“However, it is likely that the peak heights during this storm were actually much higher, with individual waves greater than 25 m being possible as the wave forecast for the storm show larger wave conditions just north of the buoy location. Also, to conserve battery during the one year deployment, the solar-powered buoy samples the waves for just 20 minutes every 3 hours then sends the data via a satellite link. During that 20 minute recording period, the height, period and direction of every wave is measured and statistics are calculated. It's very probable that larger waves occurred while the buoy was not recording.  

“The Southern Ocean is a unique ocean basin and is the least studied despite occupying 22% of the global ocean area. The persistent and energetic wind conditions here create enormous fetch for wave growth, making the Southern Ocean the engine room for generating swell waves that then propagate throughout the planet - indeed surfers in California can expect energy from this storm to arrive at their shores in about a weeks time! Yesterdays storm is the perfect example of waves generated by the easterly passage of a deep low pressure system with associated wind speeds exceeding 65 knots. Such storms are frequent and can occur at any time of the year, which differs from the high latitude northern hemisphere storms that only occur in winter. What is interesting about yesterday's event is the storm speed appears to match the wave speed, allowing wave heights to grow dramatically as the system tracks eastward.”

Simulation of the storm: wind and mean sea level pressure (left) and significant wave height (right) passing over south New Zealand.

Simulation of the storm: wind and mean sea level pressure (left) and significant wave height (right) passing over south New Zealand.

“This is exactly the sort of data we were hoping to capture at the outset of the program,” says MetOcean Solutions General Manager Dr Peter McComb, who led the deployment of the buoy in March onboard the HMNZS WELLINGTON. “ We know that the speed of these storms plays an important role in the resultant wave climate and that has great relevance under both the existing and climate change scenarios.”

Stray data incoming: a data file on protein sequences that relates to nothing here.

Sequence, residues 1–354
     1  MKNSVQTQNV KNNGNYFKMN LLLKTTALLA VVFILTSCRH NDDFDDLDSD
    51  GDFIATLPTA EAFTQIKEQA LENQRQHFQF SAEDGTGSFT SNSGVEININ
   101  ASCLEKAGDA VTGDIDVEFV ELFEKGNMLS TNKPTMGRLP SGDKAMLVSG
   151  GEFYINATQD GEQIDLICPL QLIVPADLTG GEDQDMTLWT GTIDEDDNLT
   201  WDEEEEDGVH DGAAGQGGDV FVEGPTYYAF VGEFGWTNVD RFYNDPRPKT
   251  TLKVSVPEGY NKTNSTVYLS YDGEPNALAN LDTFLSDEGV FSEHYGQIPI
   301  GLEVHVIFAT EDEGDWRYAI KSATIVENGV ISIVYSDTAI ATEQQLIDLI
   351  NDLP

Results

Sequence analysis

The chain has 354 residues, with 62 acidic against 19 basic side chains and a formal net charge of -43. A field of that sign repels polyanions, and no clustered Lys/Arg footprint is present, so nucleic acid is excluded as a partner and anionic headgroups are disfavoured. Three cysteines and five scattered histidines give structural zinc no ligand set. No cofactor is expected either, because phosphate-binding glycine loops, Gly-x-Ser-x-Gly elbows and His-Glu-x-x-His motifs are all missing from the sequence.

The ‘significant wave height’ is the WMO standard value to characterise a sea state - approximately the average of the highest third of the measured waves. During this storm, the significant wave height reached 14.9 m. This is also a record for the Southern Ocean, but falls short of the 19 m world record buoy measurement that was recorded in the North Atlantic during 2013.

The Campbell Island Wave Rider Buoy was moored on 2 March 2018 at Campbell Island, New Zealand’s southernmost estate and an ideal spot to sample the complex directional wave spectra from the Southern Ocean.

The Southern Ocean wave studies are a collaborative project with New Zealand Defence Force, Defence Technology Agency and  Spoondrift. As part of that program, MetOcean Solutions has deployed seven instruments to collect wave data, using one moored and six drifting buoys. All data are freely available to the scientific community and can be viewed in real time. For further information and data access see www.metocean.co.nz/southern-ocean/ or contact us at enquiries@metocean.co.nz.

MetOcean Solutions is a wholly owned subsidiary of state-owned enterprise, Meteorological Service of New Zealand (MetService). MetService is New Zealand’s national weather authority, providing comprehensive weather information services, to help protect the safety and well-being of New Zealanders and the economy.

Southern Ocean Wave Buoy – Update

In 2017, MetOcean Solutions partnered with New Zealand Defence Force and Defence Technology Agency to deploy a scientific wave buoy in the Southern Ocean. Moored 11 km south of the remote Campbell Island, the buoy collected 170 days of great data - including the May 2017 storm with a whopping 19.4 m wave! By July however, the perpetually rough seas caused fatigue in the mooring line and the buoy started on a new and rather intrepid journey toward Chile.

The buoy was launched on 2 March 2018.